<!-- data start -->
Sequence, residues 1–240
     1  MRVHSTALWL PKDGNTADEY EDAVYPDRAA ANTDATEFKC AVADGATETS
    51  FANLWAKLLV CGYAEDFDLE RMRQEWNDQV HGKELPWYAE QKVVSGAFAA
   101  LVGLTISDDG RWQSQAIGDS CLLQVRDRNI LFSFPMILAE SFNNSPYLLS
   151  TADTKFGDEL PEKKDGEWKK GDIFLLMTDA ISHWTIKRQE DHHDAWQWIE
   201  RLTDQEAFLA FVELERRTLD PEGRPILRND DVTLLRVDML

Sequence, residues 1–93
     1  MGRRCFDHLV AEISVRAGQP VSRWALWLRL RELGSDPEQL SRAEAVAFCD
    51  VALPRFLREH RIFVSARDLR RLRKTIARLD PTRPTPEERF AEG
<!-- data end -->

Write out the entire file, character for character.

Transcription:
Sequence, residues 1–240
     1  MRVHSTALWL PKDGNTADEY EDAVYPDRAA ANTDATEFKC AVADGATETS
    51  FANLWAKLLV CGYAEDFDLE RMRQEWNDQV HGKELPWYAE QKVVSGAFAA
   101  LVGLTISDDG RWQSQAIGDS CLLQVRDRNI LFSFPMILAE SFNNSPYLLS
   151  TADTKFGDEL PEKKDGEWKK GDIFLLMTDA ISHWTIKRQE DHHDAWQWIE
   201  RLTDQEAFLA FVELERRTLD PEGRPILRND DVTLLRVDML

Sequence, residues 1–93
     1  MGRRCFDHLV AEISVRAGQP VSRWALWLRL RELGSDPEQL SRAEAVAFCD
    51  VALPRFLREH RIFVSARDLR RLRKTIARLD PTRPTPEERF AEG